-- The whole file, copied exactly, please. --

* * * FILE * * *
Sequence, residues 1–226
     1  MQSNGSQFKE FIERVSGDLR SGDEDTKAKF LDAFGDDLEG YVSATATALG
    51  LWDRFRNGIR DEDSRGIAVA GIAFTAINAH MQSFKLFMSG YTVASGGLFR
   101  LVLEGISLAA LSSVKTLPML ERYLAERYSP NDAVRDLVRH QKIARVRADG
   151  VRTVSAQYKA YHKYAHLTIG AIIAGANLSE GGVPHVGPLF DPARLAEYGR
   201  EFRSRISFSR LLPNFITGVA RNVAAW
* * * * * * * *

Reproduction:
Sequence, residues 1–226
     1  MQSNGSQFKE FIERVSGDLR SGDEDTKAKF LDAFGDDLEG YVSATATALG
    51  LWDRFRNGIR DEDSRGIAVA GIAFTAINAH MQSFKLFMSG YTVASGGLFR
   101  LVLEGISLAA LSSVKTLPML ERYLAERYSP NDAVRDLVRH QKIARVRADG
   151  VRTVSAQYKA YHKYAHLTIG AIIAGANLSE GGVPHVGPLF DPARLAEYGR
   201  EFRSRISFSR LLPNFITGVA RNVAAW